In our scripture passage today, Paul calls this the dominion of darkness. Where darkness reigns, we are unable to see our way out of problems. And so we sense that something is not right, but we have no idea how to fix it, and really we don’t even know what is really wrong. Salvation must come from the outside.
Today, I want to invite you to do something refreshing. I want you to give up trying to save yourself. How many Januaries have you made your resolutions, charted your self-improvement goals, only to end another year disappointed? I’d like to suggest something rather radical today. I suggest that we don’t need any more resolutions. What we need is a revolution. Turn with me in your Bibles or follow up on the screen. Colossians, chapter 1, verses 13-23. Here Paul is writing to a young church and he is encouraging and reminding them about this wonderful revolution of God.
For he has rescued us from the dominion of darkness and brought us into the kingdom of the Son he loves, in whom we have redemption, the forgiveness of sin. He is the image of the invisible God, the firstborn over all creation. For by him all things were created: things in heaven and on earth, visible and invisible whether thrones or powers or rulers or authorities; all things were created by him and for him. He is before all things, and in him all things hold together. And he is the head of the body, the church; he is the beginning and the firstborn from among the dead, so that in everything he might have the supremacy. For God was pleased to have all his fullness dwell in him, and through him to reconcile to himself all things, whether things on earth or things in heaven, by making peace through his blood, shed on the cross. Once you were alienated from God and were enemies in your minds because of your evil behavior. But now he has reconciled you to Christ’s physical body through death to present you holy in his sight, without blemish and free from accusation – if you continue in your faith, established and firm, not moved from the hope held out in the gospel. This is the gospel that you heard and that has been proclaimed to every creature under heaven, and of which I, Paul, have become a servant.
Do you know what this is? This is a manifesto. This is a declaration of revolution. Not only that it is also an invitation. Did you catch it? The apostle Paul, who was once himself captive to the repressive regime of legalistic religion, is writing about a revolution-the revolution of God. He has begun to participate in the freedom that this revolution brings, and he is inviting us to join in.
Far from being able to help ourselves through the making of countless resolutions, Paul says that God has made them obsolete by beginning a revolution that would achieve the restoration of our relationship with him, and what’s more, the relationship of all creation.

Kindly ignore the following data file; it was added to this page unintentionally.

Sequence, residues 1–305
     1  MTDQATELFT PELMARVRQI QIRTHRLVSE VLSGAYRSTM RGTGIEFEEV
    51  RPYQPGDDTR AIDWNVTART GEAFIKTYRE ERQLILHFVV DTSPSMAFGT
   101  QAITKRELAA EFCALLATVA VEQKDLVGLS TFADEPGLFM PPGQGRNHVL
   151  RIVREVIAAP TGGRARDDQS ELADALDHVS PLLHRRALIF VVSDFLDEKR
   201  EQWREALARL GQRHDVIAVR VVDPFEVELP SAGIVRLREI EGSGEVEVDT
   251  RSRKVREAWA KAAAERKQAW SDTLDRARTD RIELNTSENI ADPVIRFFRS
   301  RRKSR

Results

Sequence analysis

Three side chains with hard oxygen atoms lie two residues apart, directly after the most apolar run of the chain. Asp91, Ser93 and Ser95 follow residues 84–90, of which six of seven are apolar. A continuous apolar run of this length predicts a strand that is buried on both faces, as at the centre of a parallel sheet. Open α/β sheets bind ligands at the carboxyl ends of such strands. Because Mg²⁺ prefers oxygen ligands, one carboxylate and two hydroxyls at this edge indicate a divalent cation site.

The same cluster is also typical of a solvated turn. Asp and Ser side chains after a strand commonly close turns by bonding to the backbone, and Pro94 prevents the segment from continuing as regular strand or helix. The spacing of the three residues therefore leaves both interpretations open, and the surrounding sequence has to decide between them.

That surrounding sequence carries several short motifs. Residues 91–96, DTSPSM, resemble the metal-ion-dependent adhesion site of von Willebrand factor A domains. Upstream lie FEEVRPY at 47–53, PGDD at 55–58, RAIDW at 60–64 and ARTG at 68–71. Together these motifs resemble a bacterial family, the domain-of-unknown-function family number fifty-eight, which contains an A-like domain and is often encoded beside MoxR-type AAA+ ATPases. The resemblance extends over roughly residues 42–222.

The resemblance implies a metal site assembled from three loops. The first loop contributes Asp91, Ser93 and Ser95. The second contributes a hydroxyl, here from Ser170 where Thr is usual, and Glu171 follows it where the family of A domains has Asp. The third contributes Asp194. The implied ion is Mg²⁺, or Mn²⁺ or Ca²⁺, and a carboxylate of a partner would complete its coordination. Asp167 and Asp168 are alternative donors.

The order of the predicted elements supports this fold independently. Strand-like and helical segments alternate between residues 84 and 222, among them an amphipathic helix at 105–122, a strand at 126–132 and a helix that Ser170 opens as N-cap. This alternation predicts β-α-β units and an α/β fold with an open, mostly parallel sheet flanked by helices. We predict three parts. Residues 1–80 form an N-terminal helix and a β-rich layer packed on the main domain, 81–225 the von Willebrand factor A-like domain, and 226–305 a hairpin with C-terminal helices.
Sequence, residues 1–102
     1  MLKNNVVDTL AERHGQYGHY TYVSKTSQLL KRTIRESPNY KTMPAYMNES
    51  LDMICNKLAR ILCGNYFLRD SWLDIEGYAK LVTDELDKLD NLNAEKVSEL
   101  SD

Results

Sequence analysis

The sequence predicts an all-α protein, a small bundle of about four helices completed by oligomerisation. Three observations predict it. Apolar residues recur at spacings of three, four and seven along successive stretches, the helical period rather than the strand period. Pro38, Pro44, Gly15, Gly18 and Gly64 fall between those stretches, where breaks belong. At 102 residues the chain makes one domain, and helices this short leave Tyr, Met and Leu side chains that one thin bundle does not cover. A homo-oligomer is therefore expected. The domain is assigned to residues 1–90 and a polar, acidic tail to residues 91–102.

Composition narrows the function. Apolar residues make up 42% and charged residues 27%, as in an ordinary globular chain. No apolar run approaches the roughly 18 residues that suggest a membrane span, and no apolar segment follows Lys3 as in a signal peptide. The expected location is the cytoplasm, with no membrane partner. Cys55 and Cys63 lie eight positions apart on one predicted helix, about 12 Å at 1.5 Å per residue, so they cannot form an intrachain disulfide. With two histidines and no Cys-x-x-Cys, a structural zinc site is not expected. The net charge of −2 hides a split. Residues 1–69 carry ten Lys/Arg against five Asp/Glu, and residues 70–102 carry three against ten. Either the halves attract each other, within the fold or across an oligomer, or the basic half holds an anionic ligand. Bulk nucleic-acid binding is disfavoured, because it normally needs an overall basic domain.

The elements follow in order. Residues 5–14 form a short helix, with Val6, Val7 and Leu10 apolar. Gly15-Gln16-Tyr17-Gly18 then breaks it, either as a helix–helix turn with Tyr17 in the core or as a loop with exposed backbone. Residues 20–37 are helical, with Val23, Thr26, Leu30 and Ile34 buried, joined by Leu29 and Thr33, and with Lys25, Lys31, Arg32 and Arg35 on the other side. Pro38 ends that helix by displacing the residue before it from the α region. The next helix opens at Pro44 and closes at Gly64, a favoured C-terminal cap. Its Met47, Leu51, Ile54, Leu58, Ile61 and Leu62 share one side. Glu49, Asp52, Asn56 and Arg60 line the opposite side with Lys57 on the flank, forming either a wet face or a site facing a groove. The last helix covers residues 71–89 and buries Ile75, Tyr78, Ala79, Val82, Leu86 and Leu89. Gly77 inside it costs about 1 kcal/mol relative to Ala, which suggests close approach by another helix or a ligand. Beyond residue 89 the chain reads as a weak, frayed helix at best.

If we look carefully at verses 13 and 14 we can see the language of revolution.
For he has rescued us from the dominion of darkness and brought us into the kingdom of the Son he loves, in whom we have redemption, the forgiveness of sins.
God has set out on a rescue mission, Paul says, and He’s brought us from the dominion of darkness, into his own kingdom. William Barclay points out that the phrase “brought us into” has a very interesting origin. It comes from a Greek word that describes what happens when a one empire takes over another. In the ancient world, when one empire defeated another that defeated population was transferred wholesale into the winning country’s land. Paul is saying that God, in his defeat of evil has transferred us into his own kingdom. And this revolution, this transference into God’s kingdom, has led to four great benefits.
First, we have been transferred from the darkness into light. Darkness is a condition whereby we can see nothing. It implies disorientation, confusion, fear. But in God’s kingdom, the center is Jesus Christ who is is the light of the world, as the apostle John says He illuminates our lives with his words of truth.
Second, we are transferred from the power of Satan to the power of God. Where before we were held firmly in the grip of sin, God now in his triumphant love brought us into his kingdom, under His rule and protected by his power.
Third, we have been transferred from slavery into freedom. The word redemption is from the language of slavery-and it is only when a slave’s debt is redeemed is he set free. I know many of us have struggled with the burden of debt, maybe it is paying off school loans, or mortgage, or paying off credit card bills. One of the most stressful things in the entire world is when we have an unpayable debt. And that’s exactly the situation that describes our relationship to God. And yet in this transference to God’s kingdom, He has given us redemption. Our debt Has been paid.